Net Promoter Scores can vary substantially within the same company. While the products in the Microsoft Office Suite varied by only 7 percentage points, some products from Intuit differed by a substantial 50 percentage points.  Isolating your benchmark to the relevant product allows you to hone in on what needs improving, especially in cases where the consumer may recognize the product but not the company that makes it.

Did you recommend (Retro-Recommend Rate)

In addition to asking customers how likely they are to recommend (in the future) I asked whether they actually recommended in the past 12 months. Humans are notorious for being poor predictors of their future behavior, so it's a nice supplement to the Likelihood to Recommend question.
 
Across all products the average retro-recommend rate was 45%. Meaning for the average product, around half the users said they did refer a friend or a colleague to the product.  This did vary across products. Drop Box has 72% of current customer reporting a retro-recommendation whereas Norton Anti-Virus has 29%.

Product Referral Rates

Another great measure of customer loyalty is to assess what percent of customers were themselves recommended to the product (a referral-rate). Again, this is another way to gauge word of mouth as a supplement to the retro recommend rate and Likelihood to Recommend rate.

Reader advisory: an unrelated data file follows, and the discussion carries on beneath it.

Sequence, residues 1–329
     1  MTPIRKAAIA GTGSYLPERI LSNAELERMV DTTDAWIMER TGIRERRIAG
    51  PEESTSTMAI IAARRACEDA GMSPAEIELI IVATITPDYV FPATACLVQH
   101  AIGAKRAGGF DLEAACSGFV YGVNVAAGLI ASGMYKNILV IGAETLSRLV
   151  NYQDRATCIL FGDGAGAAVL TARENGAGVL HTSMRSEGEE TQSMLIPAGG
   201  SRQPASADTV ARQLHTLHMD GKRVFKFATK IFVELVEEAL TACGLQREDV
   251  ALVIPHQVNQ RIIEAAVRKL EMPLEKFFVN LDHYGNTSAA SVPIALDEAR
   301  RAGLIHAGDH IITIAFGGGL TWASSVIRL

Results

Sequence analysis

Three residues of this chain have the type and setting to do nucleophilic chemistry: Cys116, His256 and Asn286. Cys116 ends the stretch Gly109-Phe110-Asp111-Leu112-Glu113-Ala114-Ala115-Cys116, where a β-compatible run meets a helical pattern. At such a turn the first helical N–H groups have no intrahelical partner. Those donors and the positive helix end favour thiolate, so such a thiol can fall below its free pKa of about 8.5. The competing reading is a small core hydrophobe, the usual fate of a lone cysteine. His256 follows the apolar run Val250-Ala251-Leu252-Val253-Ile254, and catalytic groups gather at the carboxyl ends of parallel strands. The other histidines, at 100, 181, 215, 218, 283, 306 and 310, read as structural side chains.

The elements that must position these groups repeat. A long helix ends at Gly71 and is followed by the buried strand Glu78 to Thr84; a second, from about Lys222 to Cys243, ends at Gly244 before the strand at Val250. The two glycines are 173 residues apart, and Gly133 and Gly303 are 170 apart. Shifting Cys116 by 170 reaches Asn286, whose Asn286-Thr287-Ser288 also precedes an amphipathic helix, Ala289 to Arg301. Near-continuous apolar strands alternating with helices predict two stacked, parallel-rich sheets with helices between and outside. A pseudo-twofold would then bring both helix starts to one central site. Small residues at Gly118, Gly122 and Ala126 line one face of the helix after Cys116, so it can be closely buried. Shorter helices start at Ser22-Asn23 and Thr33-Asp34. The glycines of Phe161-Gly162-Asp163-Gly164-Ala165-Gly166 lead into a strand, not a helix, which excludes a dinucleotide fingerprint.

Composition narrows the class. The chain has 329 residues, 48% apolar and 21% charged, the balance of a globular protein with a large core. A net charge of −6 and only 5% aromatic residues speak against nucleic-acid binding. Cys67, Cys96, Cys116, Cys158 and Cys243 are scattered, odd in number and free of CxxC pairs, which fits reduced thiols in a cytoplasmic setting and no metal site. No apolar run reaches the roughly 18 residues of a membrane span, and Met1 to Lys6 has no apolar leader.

Across all products the average referral rate was a 47%. Meaning for the average product, around half the users said they were referred by a friend or a colleague to the product.  The referrals for a product come from a high of 70% for PeachTree Accounting and the fewest for Microsoft Word at 32%.

What's a good Usability Score ?

I used the industry standard System Usability Scale (SUS) to compute the perceived ease of use of the 17 products.  SUS is a 10 item questionnaire with possible scores ranging from 0 to 100. The average SUS score from over 500 products is a 68. The average SUS score from this group is a 73 with a minimum score of 63 and high score of 84.

I converted the raw SUS scores to percentile ranks and found that the average score translates into a 63%--meaning this group of products has higher perceived usability than 63% of all products tested.